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Public Papers - 1990

Remarks at the Great Outdoors Award Dinner

1990-06-19

Thank you all very much for that warm introduction and that special honor. And thanks -- I think it's the Marines I see down there in the glow. [Laughter] I thank them especially for providing the music tonight, and David Humphreys and Galey Coleman here and Sheldon. I understand we have some distinguished Senators or Congressmen. Every time you announce them, somebody says, ``Oh, they're not here. They're off voting someplace.'' [Laughter] But Senators Burns and Roth, Ron Marlenee, Congressman Hiler and, of course, my friend Derrick Crandall and Stu Northrop and Dick Nunis over here and Jeff Napier.

Look, it's a great pleasure for me to be with you tonight, and I will be relatively brief, speaking before the broccoli. I've got to get out of here and get back home. [Laughter] But really, what an honor to accept this Sheldon Coleman Great Outdoors Award. He was a great friend, I bet, to everybody in this room and to many others across the country -- a great friend of nature, and his influence is still with us today in so many ways: in partnerships for the outdoors that he encouraged throughout his entire life. And like the lanterns that bear his name, glowing beside the tents and RV's across this country, those partnerships do shine bright with promise for the environment -- the precious environment we share.

I am deeply honored that you consider me worthy of this award, and I imagine there was some controversy. [Laughter] Some might say that the award should have gone to a more accomplished outdoors-person. It probably should have gone to the only person I know who can fish and read at the same time: Barbara Bush [Laughter]

Look, there's some fishermen out here. Please understand my frustration. [Laughter] We're looking for these damn bluefish, and -- [laughter] -- Barbara's reading away, studying, reading -- ``Oh, I've got a fish.'' And I'm out there working and studying and changing bait, and nothing happens. [Laughter] But I don't worry when somebody reaches into the tackle box and pulls out a lure like a Mepps Spinner or a Johnson Silver Spoon, because I've got the Silver Fox. [Laughter]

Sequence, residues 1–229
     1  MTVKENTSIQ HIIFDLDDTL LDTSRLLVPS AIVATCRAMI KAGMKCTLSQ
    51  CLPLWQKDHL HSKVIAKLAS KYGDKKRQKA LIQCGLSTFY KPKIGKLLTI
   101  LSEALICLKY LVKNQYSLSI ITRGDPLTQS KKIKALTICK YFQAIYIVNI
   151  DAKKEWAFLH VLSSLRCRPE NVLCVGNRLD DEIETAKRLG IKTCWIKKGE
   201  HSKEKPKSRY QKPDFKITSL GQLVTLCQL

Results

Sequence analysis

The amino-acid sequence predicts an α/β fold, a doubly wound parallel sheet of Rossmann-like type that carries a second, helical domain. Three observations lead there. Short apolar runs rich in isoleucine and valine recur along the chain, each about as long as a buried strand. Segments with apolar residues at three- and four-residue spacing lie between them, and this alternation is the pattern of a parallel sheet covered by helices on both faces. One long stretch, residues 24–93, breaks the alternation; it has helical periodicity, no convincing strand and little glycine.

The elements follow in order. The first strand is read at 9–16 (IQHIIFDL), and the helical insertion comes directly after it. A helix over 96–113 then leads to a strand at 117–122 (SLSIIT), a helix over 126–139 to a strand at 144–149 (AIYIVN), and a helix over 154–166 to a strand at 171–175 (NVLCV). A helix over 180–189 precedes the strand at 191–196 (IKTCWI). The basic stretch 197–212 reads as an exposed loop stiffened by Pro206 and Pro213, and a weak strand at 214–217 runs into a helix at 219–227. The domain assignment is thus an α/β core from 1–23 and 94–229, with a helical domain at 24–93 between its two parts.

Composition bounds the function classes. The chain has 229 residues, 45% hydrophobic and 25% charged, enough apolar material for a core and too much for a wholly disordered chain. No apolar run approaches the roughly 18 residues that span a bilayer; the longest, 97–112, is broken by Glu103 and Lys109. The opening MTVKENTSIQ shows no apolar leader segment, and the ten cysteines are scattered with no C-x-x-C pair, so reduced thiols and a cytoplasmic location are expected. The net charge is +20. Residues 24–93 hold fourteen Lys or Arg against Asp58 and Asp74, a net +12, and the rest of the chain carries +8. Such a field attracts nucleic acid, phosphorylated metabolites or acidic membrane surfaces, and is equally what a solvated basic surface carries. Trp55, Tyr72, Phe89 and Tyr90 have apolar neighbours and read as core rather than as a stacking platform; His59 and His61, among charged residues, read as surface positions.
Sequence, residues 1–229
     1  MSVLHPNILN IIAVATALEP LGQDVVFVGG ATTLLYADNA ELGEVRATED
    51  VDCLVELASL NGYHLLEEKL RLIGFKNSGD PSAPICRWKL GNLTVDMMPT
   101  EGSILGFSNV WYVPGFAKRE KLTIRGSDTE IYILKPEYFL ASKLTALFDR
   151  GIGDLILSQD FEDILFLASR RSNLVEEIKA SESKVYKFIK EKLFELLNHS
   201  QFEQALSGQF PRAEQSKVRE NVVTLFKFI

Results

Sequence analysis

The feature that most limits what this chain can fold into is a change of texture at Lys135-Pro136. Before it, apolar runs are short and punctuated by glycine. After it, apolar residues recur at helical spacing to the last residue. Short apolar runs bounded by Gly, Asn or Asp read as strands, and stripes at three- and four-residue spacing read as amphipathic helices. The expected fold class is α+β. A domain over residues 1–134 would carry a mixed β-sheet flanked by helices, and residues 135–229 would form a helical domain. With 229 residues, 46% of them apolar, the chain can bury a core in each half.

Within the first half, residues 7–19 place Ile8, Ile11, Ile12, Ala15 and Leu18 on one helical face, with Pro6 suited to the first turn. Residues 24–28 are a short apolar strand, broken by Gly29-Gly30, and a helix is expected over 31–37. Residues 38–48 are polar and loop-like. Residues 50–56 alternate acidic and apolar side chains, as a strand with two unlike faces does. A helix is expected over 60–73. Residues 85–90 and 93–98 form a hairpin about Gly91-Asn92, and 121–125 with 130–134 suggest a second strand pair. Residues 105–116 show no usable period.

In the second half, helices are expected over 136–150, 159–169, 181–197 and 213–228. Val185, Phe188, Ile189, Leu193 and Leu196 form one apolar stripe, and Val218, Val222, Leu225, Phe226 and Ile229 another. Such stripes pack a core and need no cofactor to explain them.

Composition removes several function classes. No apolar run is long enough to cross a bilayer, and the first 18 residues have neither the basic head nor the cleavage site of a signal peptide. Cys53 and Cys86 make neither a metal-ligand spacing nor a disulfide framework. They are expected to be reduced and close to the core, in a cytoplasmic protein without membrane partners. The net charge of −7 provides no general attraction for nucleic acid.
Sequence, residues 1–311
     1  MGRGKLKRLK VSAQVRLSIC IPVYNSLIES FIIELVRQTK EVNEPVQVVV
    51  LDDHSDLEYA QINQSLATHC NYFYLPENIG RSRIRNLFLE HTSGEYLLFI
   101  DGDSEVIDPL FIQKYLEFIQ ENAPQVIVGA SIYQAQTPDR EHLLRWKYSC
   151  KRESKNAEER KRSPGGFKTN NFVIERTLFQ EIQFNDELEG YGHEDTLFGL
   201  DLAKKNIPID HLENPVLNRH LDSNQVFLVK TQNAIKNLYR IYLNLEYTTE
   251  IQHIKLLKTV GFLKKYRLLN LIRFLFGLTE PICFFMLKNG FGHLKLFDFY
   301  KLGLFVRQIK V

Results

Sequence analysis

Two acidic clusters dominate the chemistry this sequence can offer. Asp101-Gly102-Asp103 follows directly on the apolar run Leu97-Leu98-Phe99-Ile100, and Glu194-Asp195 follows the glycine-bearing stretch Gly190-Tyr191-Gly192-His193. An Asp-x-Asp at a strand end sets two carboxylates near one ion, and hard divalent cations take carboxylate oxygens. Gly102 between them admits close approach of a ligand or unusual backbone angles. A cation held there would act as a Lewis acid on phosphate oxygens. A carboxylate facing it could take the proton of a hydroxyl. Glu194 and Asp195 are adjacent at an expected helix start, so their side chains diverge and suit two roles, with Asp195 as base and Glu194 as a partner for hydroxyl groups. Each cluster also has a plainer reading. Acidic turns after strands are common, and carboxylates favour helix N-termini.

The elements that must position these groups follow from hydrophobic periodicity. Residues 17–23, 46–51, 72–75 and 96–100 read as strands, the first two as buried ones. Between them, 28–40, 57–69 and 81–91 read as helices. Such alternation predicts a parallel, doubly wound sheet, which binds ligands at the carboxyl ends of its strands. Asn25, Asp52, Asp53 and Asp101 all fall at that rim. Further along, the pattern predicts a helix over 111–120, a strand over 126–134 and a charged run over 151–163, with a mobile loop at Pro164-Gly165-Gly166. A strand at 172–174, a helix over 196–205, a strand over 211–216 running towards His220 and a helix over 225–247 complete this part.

And like every pursuit in the great outdoors, fishing is a great equalizer, whether you're out there with a friend or a head of state or one of the grandkids. You get out there; and you just simply love it, just like the other 60 million American men, women, and children who fish from boats and beaches and bridges and riverbanks all across this great country.

I remember, fishing off the Saco River in Maine, there was a guy with a belly that made one of these sumo wrestlers, or whatever they are, look skinny, you know. [Laughter] And he's standing out there, fishing with his grandson; and I come by in our cigarette [boat] with our couple, trolling, I admit, nice and slow. And the guy yells out, ``Only in America.'' [Laughter] And you know, he was absolutely right. [Laughter] Here we were. It was just very special, and all of us have our own tales to tell. [Laughter]

But all of you understand how time spent in nature, in camping or hiking or fishing, frees up the mind, restores the soul, and makes memories -- tranquil, peaceful, wonderful memories that stay with you the rest of your life. Among the greatest joys that Barbara and I have ever known have been exploring the outdoors with our kids and our grandkids. You saw George P. here with us. Look at the majesty, then, of the Grand Tetons through the eyes of a 13-year-old grandson, teach a grandkid a few mysteries of the ocean, and you're powerfully reminded that our kids will truly inherit the Earth.

You don't even have to leave home. Every summer on vacation, up at our house there at Kennebunkport, we put up a tent -- I don't want to prejudice any other vendors here or manufacturers. [Laughter] But I call Sheldon Coleman and say, ``Hey listen, I need a tent.'' This was several years ago. And I get a tremendous kick out of -- that same tent goes up every year -- and I get a tremendous kick -- you don't have to leave home -- hearing the nighttime giggles of the grandchildren out there. It's wonderful. You see them reading by a lantern and telling stories, hear them whispering to each other before they drop off to sleep with the sea pounding away in the background.

These are special moments, moments in the outdoors, and they are all very, very special. So, preserving nature for future generations demands special effort. And I've been very happy to support the public-private partnerships like this Wallop-Breaux -- was Dingell-Johnson -- but the Wallop-Breaux Trust Fund to protect our wetlands and preserve and enhance the boating and fishing, and by encouraging private partnerships like Ducks Unlimited and groups like the American Recreation Coalition and the Recreation Roundtable to engage this nation in a new spirit of renewal. I want to try my very hardest to do my part to help build that spirit.